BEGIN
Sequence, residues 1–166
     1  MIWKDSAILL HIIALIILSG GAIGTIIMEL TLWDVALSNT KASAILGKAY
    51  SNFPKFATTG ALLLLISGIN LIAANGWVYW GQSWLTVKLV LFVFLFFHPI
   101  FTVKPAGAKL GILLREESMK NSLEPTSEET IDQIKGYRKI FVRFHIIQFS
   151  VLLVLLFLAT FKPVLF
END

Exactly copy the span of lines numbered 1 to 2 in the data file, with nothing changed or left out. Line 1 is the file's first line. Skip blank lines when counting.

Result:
Sequence, residues 1–166
     1  MIWKDSAILL HIIALIILSG GAIGTIIMEL TLWDVALSNT KASAILGKAY